The Obamagelical Revolution

Cristina Page

The surge of Evangelical support for Obama reflects stunning changes among voters who have traditionally voted for the most right-wing of Republicans. Are these culture warriors laying down their swords?

It will take years to fully grasp the tsunami that swept Barrack Obama
into the presidency. "It’s the first time" or "not since" or "historic"
have punctuated most coverage of it – even President Bush called it
"awesome." It reconfigured electoral politics and created "never before
seen" voting blocs. One new and powerful wave of support for Obama came
from the most surprising of groups: evangelicals.

Incredible as it sounds, exit polls show
that the number of white evangelicals (ages 18-44), the base of the
Republican party, supported Obama in double the numbers that came out
for John Kerry in 2004. (Even Catholics were more enthusiastic
about protestant Obama than they were for Catholic Kerry-Obama won the
majority, 54%, of Catholic voters; Kerry got 47%.) Nationally, 25% of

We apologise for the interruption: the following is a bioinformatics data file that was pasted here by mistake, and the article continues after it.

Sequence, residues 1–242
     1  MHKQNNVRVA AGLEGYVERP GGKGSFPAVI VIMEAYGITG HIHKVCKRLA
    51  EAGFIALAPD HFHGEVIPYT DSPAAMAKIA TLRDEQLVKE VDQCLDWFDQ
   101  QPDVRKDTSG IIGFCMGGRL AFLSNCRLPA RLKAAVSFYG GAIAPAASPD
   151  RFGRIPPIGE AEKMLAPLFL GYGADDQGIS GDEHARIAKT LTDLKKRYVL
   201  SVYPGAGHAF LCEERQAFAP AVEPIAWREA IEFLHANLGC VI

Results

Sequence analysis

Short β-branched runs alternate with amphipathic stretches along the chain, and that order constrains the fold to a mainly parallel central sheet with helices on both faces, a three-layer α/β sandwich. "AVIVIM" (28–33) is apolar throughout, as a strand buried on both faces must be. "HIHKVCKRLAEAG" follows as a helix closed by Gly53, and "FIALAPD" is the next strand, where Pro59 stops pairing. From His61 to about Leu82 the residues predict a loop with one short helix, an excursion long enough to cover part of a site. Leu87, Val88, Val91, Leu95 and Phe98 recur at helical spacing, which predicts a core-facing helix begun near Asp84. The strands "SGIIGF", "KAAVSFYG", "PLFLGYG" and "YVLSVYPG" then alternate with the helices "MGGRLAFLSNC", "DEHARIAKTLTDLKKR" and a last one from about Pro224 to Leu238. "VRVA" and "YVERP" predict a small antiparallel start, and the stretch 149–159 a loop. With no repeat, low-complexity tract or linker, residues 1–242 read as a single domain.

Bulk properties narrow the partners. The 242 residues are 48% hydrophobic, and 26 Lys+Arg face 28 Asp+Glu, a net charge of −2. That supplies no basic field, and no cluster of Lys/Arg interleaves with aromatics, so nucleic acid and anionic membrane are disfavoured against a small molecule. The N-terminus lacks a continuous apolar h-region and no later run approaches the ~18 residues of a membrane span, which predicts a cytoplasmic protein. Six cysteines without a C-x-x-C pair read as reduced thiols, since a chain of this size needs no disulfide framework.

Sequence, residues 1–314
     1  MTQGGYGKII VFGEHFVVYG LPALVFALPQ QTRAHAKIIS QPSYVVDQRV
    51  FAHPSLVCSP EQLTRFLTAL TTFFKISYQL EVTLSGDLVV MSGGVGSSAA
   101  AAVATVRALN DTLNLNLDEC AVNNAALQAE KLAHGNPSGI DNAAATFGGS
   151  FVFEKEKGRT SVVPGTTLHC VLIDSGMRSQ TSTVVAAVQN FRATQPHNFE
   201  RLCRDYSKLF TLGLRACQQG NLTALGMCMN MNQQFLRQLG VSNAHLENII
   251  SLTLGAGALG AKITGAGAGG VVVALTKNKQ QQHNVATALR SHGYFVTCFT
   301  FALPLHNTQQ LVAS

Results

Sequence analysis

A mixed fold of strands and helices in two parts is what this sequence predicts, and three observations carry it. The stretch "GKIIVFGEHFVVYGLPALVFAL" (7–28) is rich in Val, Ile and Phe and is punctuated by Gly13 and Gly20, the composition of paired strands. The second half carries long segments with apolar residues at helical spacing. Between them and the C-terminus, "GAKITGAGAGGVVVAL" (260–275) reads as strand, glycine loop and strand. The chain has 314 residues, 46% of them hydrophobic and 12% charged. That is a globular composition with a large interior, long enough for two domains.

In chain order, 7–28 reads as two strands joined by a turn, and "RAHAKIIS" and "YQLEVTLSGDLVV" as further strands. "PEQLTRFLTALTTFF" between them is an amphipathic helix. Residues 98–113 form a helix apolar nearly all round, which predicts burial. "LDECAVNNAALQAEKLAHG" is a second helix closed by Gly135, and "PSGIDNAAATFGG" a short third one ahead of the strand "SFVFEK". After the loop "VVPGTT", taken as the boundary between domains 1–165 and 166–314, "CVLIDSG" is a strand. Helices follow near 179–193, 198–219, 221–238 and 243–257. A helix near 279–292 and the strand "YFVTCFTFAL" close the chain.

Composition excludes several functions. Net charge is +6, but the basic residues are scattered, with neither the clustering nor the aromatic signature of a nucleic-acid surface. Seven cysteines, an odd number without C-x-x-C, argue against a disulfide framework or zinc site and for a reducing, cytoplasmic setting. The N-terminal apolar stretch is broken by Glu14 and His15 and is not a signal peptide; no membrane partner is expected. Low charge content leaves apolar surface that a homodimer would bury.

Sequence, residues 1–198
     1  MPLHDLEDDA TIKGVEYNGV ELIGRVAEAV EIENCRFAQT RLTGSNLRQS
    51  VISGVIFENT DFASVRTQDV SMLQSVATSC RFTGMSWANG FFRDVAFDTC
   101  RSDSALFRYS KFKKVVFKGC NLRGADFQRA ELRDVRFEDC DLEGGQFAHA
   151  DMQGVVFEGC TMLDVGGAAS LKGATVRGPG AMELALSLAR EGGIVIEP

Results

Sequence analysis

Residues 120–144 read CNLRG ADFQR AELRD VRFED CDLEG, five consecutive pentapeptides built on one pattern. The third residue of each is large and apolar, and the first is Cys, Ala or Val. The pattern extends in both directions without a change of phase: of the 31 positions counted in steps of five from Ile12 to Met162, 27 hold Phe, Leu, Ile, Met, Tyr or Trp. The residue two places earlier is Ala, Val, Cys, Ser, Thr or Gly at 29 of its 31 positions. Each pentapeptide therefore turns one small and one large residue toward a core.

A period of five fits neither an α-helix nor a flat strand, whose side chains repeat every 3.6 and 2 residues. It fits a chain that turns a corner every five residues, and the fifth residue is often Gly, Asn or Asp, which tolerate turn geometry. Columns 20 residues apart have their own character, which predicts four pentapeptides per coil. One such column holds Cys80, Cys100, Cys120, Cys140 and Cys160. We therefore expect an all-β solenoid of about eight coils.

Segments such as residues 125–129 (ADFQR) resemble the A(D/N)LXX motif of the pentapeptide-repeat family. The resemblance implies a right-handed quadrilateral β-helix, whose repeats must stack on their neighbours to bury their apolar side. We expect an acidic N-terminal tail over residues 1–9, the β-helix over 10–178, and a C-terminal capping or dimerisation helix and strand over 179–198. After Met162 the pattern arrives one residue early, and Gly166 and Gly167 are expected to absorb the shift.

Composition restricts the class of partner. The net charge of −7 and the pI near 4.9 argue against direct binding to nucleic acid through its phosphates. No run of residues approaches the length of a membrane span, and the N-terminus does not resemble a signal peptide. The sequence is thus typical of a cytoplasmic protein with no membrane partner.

white evangelicals voted for Obama. In certain key states, the numbers
were higher. He saw a 14% increase in support from white evangelicals
in crucial states like Colorado, 8% in Indiana, 8% in North Carolina
and 4% in Ohio. Most important, he won 32% of young evangelicals
(doubling the 16% for McCain).

The surge of Evangelical support
for Obama reflects stunning changes among voters who have traditionally
voted for the most right-wing of Republicans. Democratic strategists
should hear this message loud and clear: many morality voters have
party-hopped. Are these culture warriors laying down their swords? The
2008 election may mark the moment religious voters put reason above
rhetoric. The birth of the Obamagelical.

Obama’s inclusive approach resonated with many Evangelical voters–but
to only credit the candidate is to miss the bigger story. According to a poll taken by,
Obamagelicals believe the Democratic party platform holds the greatest
potential for progress on the most intransigent issues. Take, for
example, abortion. Of evangelicals who voted for Obama only 8% believed
that restricting abortion would lead to reductions in the abortion rate
(61% of Evangelicals for McCain did). A whopping 86% of Obamagelicals